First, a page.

The building was left unlocked during the day, until 8 or 9 p.m. each evening, and on weekends, so that volunteers could come in and work on their own time. Harwager became notorious for her lists: she left “to-do lists” for each sub-committee. “I’d assign them a list of jobs to do. If they did it, they were to mark it off so everybody knew the job had been done. They were pretty sick of my to-do lists.”
But the lists got done: the building cleaned, tin put up around the grocery cart area, painting done, and more. People put in countless hours, Harwager said. “It was completely a community effort by lots of volunteer help, hours and hours of it.” The local share drives and the volunteer labor served a purpose, she said. “Psychologically, if you have someone who buys an investment, they’re interested in it and they’ll shop there.”
The board also learned that they would have to buy $14,000 worth of merchandise a week for a delivery truck to stop in Stapleton, so they contracted with Ewoldt’s Grocery in Thedford, to be a “B” store. Groceries will be delivered to Ewoldt’s, and from there, they will be brought to Stapleton.
The building required few revamps, except for new coolers and freezers. The ones that were there were not energy efficient, costing $2,200 a month in electricity. So with the help of a grant, the committee bought new ones for $84,000. “I didn’t think I’d ever say a cooler door or freezer door would look so beautiful, but new ones are gorgeous,” Harwager said.
It wasn’t easy; all the work was done by volunteers, including board members, who had “real” jobs during the day and worked on evenings and weekends. People got discouraged, Harwager said. “We’d end up getting cold feet. It was a struggle for us, but I kept saying, ‘where’s your leap of faith?’”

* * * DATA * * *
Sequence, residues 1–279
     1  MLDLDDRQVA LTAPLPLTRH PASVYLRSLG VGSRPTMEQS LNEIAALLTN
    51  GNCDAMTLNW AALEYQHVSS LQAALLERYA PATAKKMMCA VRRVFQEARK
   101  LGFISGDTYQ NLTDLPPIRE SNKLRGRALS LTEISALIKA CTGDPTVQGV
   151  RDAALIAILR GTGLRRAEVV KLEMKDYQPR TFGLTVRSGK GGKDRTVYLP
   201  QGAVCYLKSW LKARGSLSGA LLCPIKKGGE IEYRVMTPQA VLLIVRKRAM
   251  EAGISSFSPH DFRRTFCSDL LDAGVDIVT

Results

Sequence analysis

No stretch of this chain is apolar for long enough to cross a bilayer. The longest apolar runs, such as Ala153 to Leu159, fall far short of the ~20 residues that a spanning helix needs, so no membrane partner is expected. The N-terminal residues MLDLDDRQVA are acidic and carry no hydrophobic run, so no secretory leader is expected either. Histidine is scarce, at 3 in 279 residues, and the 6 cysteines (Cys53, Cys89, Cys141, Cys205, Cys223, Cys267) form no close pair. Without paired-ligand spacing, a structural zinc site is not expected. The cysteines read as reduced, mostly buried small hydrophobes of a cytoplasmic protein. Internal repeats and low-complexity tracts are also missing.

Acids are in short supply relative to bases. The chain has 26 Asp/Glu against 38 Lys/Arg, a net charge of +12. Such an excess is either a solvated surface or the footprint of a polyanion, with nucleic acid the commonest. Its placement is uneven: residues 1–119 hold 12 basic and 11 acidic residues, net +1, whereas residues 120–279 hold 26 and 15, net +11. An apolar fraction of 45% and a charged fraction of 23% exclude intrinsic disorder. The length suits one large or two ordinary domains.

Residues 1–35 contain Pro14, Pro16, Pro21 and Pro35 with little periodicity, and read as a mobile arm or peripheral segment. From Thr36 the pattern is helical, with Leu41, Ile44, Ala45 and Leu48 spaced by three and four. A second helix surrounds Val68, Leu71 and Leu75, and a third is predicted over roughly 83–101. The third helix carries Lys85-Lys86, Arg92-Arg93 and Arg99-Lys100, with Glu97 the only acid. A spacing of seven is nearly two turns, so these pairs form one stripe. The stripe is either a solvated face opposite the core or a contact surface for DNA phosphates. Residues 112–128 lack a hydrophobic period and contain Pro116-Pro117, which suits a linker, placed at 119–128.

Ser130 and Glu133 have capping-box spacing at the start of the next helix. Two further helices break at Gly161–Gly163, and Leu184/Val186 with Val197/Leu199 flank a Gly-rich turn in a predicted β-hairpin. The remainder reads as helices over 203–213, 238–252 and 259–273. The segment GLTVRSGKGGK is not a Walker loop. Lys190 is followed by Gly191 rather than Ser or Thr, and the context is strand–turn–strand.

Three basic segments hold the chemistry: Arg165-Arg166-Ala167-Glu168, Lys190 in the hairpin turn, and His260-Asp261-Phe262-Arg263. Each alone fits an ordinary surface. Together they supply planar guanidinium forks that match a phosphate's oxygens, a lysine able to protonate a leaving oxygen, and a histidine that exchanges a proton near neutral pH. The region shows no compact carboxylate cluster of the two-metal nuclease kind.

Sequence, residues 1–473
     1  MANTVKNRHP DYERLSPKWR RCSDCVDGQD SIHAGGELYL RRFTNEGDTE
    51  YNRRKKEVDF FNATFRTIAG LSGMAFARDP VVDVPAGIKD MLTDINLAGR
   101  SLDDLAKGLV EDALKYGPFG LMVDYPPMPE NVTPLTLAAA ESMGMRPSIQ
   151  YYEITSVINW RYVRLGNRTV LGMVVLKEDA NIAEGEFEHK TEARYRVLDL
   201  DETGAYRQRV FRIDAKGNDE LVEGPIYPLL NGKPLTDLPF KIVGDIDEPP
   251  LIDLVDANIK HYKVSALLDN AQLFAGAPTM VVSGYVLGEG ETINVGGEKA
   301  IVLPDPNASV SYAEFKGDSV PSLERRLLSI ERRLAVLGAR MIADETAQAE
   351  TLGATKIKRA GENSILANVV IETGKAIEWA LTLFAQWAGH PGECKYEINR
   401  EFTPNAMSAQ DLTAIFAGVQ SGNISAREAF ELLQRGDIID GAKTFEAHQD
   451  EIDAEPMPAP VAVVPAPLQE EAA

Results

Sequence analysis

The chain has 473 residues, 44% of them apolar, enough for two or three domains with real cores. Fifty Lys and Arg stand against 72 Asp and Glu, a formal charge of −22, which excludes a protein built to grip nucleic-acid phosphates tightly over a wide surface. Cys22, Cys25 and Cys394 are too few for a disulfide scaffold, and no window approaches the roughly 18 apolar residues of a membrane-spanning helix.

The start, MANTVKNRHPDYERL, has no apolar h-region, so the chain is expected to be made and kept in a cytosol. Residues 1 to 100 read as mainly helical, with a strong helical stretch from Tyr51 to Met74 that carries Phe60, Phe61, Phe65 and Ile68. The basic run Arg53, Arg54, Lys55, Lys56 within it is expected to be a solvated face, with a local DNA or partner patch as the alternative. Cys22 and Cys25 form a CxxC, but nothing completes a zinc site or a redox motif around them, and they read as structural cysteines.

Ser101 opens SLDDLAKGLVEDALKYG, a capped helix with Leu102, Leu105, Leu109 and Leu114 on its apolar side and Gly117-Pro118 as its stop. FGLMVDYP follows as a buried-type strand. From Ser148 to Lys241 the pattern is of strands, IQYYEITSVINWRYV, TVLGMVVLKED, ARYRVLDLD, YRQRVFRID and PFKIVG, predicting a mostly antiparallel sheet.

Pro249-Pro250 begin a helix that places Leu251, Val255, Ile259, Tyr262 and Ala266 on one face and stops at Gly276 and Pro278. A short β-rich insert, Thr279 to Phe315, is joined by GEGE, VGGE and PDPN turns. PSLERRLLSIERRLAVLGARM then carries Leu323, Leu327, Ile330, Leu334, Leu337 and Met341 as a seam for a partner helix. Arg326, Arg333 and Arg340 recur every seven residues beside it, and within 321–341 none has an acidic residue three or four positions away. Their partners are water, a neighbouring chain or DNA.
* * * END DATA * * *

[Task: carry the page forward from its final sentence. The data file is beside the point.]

Not everyone in the community was in favor of it, and Harwager didn’t mind the opposition. “There are still some who say it’s not going to work. Those are also the people who at some point in time, we thanked for saying that, because that’s what got us through those weeks when we didn’t think we could do it.”
The Stapleton Cooperative Market and Deli, which is 4,800 square feet, carries the Best Choice brands, with specialties including Jet Smooth Smoothies, Allegro coffee, and popcorn from the Pop Corner in North Platte. They carry a variety of gluten-free products and quite a few Nebraska-based products.
It has a full-time manager and seven part-time employees. It also has a deli, serving sandwiches for lunch. The committee was very careful to not infringe on existing businesses in town, like the café, which serves breakfast and supper. “We don’t want to take away business from anybody else in town,” Harwager said.
After school is out, the kids stream downtown to buy smoothies and snacks at the Cooperative. Cindy Frey, owner of Frey’s Propane and Hardware store, loves seeing them. “It’s so great to see kids walk downtown again.”